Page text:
In contrast we find Jesus, blatantly flouting these conventions. One particularly remarkable occasion can be found in the Gospel of John (4:1–42). Jesus meets and converses with a women he meets at a well. What makes this even more scandalous from the perspective of the society that they were part of, is that this woman is also a Samaritan (a member of a different religious and cultural group who were considered unclean by Jews). Even worse, we discover as their conversation progresses, she is regarded by both Jewish and Samaritan society as immoral (having been married 5 times, and now living with a man to whom she is not married). Yet, despite all of this, Jesus does not ignore her, shun her, or even rebuke her. Rather, he treats her as the intelligent seeker of truth that she is. He engages her in an important conversation which leads her not only to personal faith in him, but also in bringing a message of truth and freedom to many of her neighbours. Society said that she should be ostracised and ignored, but Jesus engaged with her and offered her truth.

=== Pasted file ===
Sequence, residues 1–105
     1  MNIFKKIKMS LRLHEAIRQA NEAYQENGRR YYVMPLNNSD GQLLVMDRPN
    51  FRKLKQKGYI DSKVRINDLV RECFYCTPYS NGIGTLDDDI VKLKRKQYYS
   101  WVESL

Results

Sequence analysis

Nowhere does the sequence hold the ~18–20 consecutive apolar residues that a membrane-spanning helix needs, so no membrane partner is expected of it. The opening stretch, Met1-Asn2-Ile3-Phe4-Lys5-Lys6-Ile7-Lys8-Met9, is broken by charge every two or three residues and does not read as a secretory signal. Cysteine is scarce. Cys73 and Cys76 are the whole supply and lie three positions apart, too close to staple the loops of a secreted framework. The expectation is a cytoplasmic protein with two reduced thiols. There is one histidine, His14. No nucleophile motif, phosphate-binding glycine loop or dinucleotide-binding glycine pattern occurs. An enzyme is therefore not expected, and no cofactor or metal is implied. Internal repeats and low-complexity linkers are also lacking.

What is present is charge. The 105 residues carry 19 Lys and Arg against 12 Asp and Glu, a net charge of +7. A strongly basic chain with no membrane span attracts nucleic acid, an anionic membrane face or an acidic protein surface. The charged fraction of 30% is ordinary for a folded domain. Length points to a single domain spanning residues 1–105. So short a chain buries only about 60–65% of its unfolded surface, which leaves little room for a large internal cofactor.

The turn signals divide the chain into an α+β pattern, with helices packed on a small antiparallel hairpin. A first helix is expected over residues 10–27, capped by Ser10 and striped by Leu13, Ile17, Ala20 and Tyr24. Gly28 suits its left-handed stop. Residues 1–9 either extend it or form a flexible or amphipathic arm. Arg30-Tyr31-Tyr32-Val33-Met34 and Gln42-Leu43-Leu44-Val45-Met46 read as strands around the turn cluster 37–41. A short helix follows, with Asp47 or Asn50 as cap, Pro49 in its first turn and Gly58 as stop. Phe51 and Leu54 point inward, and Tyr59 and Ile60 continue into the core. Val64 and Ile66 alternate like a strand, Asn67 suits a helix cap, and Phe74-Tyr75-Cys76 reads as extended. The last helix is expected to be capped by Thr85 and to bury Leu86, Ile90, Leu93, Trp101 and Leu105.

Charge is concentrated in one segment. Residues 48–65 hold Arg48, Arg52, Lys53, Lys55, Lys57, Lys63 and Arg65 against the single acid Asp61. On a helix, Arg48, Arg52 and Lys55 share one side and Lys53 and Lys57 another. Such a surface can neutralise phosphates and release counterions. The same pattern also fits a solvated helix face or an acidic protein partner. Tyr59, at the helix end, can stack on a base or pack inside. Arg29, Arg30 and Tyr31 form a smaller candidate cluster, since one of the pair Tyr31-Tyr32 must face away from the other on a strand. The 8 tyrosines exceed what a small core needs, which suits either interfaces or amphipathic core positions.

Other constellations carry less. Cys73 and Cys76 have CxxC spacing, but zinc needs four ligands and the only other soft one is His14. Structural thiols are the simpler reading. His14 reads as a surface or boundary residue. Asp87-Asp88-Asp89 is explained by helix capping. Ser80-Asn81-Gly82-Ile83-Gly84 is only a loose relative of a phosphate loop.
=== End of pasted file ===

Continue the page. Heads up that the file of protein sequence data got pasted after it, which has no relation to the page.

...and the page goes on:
Welcoming the outsider
Under the Old Testament law, both men and women were restricted from participating in the religious practices of the Jewish faith at the time of Jesus if they were found to be ceremonially ‘unclean’. This could be for many reasons including touching a dead body or contracting various contagious skin diseases. For women, one reason they might be found ‘unclean’ is if they were experiencing any type of bleeding, particularly that of post-natal bleeding or menstruation. The understanding that the physical touch of one who was bleeding could make the object or person touched also unclean, meant that women who were bleeding were further ostracised from society.